Heathrow western rail link consultation begins

May 16 2018   | Region: London, South East, South West, East of England

Heathrow western rail link consultation begins
Six weeks of public consultation have begun on a new western rail link to Heathrow, providing direct access from the airport towards Reading and Slough. The 6.5km line would allow passengers coming from the west of England to reach Heathrow without having to change trains at London Paddington.
A 5km tunnel is proposed from Terminal 5 heading west beneath the M25 and M4, to connect with the Great Western Mainline between Langley and Iver. Two different routes for the section of tunnel close to the airport are being put forward.
It is hoped that the project will help to ease congestion on local roads including motorways. Construction would take five years and include 15 months of tunnelling. 
Network Rail’s Western route managing director Mark Langman said proposals have been refined as a direct result of feedback received from an earlier public engagement exercise.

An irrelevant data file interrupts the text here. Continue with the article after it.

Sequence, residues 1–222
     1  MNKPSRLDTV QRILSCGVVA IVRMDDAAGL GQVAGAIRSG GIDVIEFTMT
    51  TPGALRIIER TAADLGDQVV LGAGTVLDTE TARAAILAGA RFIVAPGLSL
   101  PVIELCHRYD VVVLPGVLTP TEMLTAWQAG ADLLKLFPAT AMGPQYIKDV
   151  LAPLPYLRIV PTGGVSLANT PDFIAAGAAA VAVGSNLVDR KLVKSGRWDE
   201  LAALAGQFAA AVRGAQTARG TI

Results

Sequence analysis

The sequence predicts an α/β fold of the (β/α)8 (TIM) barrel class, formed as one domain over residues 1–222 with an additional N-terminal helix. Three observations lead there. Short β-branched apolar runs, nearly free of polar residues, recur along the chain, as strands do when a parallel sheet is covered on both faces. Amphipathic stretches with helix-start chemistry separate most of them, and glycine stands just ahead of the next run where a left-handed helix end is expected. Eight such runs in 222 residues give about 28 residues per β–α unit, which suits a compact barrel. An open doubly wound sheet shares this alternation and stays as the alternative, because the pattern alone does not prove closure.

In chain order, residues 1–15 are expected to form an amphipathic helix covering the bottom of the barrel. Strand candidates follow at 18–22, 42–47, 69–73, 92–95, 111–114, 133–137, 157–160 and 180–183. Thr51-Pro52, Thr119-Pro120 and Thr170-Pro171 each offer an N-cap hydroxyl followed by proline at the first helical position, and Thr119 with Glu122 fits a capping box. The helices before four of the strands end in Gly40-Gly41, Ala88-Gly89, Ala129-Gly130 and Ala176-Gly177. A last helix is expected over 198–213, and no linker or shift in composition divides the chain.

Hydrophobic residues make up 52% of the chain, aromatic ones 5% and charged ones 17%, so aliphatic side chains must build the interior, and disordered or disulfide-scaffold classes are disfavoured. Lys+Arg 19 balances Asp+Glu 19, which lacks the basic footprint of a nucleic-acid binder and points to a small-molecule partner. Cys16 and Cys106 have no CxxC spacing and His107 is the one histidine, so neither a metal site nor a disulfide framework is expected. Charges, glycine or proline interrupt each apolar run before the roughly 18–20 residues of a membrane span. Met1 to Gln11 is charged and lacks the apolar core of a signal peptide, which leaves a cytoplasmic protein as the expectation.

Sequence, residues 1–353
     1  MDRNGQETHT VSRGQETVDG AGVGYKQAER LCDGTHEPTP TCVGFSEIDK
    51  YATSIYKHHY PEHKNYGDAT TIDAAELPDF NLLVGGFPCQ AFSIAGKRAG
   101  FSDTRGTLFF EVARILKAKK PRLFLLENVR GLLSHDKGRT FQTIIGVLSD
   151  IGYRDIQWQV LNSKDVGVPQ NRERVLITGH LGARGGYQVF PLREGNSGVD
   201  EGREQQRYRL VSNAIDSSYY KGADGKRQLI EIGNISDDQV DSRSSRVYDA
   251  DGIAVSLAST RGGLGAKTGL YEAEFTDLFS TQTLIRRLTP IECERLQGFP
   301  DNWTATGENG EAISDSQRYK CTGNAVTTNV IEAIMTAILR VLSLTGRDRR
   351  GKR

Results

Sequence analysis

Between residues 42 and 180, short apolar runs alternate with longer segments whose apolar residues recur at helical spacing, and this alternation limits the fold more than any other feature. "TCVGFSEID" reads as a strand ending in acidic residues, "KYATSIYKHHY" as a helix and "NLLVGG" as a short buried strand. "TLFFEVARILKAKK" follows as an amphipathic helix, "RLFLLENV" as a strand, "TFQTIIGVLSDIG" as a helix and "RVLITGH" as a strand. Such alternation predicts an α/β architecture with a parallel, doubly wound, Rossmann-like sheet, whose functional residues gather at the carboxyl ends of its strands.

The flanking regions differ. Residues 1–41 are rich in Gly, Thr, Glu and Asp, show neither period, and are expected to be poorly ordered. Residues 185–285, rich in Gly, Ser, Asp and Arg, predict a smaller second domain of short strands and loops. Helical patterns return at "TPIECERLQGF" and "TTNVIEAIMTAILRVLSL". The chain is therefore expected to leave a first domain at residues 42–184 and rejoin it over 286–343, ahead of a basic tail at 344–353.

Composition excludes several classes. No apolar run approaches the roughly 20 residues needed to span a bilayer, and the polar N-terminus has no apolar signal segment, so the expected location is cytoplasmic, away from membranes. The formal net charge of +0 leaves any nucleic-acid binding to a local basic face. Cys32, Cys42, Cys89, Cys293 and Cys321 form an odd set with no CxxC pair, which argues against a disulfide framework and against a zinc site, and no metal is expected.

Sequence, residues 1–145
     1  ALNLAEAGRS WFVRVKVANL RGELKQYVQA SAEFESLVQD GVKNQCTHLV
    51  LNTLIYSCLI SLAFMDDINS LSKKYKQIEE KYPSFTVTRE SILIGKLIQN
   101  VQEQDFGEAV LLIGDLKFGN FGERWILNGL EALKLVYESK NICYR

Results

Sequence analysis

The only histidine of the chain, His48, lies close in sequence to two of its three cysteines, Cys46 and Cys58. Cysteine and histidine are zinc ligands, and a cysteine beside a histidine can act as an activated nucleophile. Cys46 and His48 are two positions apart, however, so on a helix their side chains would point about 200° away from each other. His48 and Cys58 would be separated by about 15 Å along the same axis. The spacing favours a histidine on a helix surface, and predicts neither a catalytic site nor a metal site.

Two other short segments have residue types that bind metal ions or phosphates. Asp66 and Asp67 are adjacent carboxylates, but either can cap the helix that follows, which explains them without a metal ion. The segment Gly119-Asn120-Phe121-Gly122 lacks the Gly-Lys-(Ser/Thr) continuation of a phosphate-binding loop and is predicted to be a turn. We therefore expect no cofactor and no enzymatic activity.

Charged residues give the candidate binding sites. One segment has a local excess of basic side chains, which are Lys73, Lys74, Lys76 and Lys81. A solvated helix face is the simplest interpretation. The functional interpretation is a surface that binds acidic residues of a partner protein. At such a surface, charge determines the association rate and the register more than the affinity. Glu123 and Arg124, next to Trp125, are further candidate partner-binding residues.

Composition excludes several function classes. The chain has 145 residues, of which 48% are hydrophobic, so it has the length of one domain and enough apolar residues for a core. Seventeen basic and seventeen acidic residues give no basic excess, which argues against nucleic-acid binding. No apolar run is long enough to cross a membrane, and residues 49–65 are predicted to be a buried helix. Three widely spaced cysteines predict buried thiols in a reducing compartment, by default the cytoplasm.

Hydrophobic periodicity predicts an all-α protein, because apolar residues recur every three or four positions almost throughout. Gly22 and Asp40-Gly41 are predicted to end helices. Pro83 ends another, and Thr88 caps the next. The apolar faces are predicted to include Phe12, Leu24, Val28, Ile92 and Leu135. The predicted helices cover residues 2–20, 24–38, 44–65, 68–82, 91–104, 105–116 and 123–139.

Passenger group London Travel Watch welcomes the proposal for a new western rail access to Heathrow. “The airport currently has a low proportion of public transport access, with only 9% of journeys to and from the airport in 2016 made by rail,” said operations and communications manager Richard Freeston-Clough.
“It will represent a significant improvement in access from places to the west of Heathrow, providing relief to a large amount of road congestion in and around the airport. There will also be air quality benefits as a result of the reduction in congestion.”
Thames Valley Berkshire Local Enterprise Partnership chief executive Tim Smith said the economic benefits offered by the western rail link are “substantial”, creating £800M in additional economic activity and 42,000 jobs nationally.
He added that 55% of journeys on the proposed service will be abstracted from the road, delivering carbon dioxide savings equating to approximately 30M road miles a year, while helping to provide much needed congestion relief on some of the busiest stretches of the UK’s motorway network.
“All this from a 6km rail line, most of which is tunnelled, with no obvious planning, land ownership or technical obstacles to overcome; and a very favourable response to Network Rail’s public consultation exercises so far,” he added. 
A Heathrow airport spokesman added that the Western rail access project, along with other schemes such as improved Southern rail access, Crossrail, High Speed 2 via Old Oak Common and an upgraded Piccadilly Line service “will place Heathrow at the heart of an integrated rail system” and build on the airport’s strength as the “UK’s best connected transport hub.”
(Photo: Thomas Nugent and licensed for reuse under this Creative Commons Licence)

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